Articles about recruiters have been written over the years by satisfied and not so satisfied candidates. If a recruiter has introduced you to a fabulous new opportunity that has positively changed your career – you may write something good or great about the industry or the company the recruiter represents or even the individual that made the difference for you. If you haven’t believed that a recruiter has helped you at all then it is more likely that you will write about the bad experience. It’s a love/hate relationship.
I want to discuss the other side of this. Over the 15+ years that I have been working with companies and individuals in Attraction and Retention of high performing individuals I have seen and received a lot of emails with resumes attached. I have trained and coached many recruiters [both 3rd party as well as in house recruiters] to be efficient, find the ‘gems’ that are out there and stop wasting time hoping there is gold in every email submitted.
Most resumes are very professionally written, with a great email introduction drawing attention to the skills they bring and solutions they have provided to organizations they have worked with over the years. Whether you are looking for those skills or not – well, it’s always a pleasure to connect with professionals – who treat you as a professional.
Lately, I have seen an increase in resumes with short, curt email introductions. The body of the email has no formal structure, no email/telephone numbers included, no LinkedIn connection – just a quick note that they are looking for a role and perhaps a line or two more and then a resume/cover letter attachment. Most of them actually state they want to meet. Not really sure if it is spam, junk or for real.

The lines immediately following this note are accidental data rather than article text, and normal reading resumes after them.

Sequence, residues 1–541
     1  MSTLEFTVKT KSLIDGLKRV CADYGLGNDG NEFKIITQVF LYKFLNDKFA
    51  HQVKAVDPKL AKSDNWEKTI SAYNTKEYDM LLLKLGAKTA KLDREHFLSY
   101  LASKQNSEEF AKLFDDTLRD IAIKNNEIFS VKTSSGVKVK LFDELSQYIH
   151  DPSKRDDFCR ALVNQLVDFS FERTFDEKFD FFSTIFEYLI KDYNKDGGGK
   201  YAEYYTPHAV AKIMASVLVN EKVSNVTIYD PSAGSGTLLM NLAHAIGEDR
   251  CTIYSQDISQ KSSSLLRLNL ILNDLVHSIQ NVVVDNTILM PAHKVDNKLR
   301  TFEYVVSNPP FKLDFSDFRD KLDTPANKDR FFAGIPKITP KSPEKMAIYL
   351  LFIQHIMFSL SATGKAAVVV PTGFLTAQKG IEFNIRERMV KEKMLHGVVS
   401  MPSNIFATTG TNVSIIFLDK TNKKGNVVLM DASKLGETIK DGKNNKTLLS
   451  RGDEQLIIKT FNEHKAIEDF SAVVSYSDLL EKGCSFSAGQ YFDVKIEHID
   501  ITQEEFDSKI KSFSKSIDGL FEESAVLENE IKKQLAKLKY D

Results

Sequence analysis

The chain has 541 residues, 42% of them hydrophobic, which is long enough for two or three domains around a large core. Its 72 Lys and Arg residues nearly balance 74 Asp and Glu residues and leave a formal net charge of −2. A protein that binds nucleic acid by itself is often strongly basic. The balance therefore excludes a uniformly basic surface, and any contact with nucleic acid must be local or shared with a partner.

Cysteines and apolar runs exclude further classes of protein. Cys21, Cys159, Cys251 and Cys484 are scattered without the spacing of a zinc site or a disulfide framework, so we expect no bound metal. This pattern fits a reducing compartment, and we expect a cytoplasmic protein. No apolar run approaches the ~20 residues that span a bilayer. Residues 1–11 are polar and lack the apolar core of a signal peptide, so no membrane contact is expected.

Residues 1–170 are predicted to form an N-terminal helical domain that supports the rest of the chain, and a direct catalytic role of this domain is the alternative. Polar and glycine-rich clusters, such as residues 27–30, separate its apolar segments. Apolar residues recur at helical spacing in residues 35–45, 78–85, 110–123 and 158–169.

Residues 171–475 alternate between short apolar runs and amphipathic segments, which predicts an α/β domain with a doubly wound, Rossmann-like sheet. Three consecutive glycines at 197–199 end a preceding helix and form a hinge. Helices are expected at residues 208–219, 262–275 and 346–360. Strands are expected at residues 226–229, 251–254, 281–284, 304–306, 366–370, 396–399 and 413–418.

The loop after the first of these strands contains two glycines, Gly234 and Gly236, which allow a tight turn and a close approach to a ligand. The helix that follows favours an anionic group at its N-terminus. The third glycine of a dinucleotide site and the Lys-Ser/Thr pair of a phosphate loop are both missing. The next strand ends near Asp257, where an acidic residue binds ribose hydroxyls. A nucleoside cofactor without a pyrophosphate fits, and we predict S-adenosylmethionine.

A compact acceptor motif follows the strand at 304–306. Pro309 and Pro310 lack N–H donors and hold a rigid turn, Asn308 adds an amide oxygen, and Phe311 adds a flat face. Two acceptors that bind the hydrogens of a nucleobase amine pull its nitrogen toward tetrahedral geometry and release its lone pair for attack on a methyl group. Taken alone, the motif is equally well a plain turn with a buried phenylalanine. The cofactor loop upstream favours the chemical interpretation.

In short – these email introductions don’t meet professional standards at all, even though the attached resumes are from people with good careers – even executive level individuals. It leaves me baffled – would they actually have read an email with a resume attached that looks as sparse and unprofessional as they are sending out?
The body of the Email is the first blush that a recruiter has of who you are and demonstrates how you might present yourself. If you can’t take the time to actually research us out, highlight why we should spend time to read let alone interview or meet you, then why should/would we open up the attachment? Be professional!
For those that are sending these generic email……do you know they go straight to delete? Wondering why you haven’t heard from a recruiter? Check out how you have approached one? If it isn’t professional, then a recruiter owes you no professionalism or time in return.
Loretta Biscaro Smith is the founder of Genesis Executive Management Inc. A consulting firm that specializes in Talent Attraction and Retention, Leadership Development, and Executive Coaching. firstname.lastname@example.org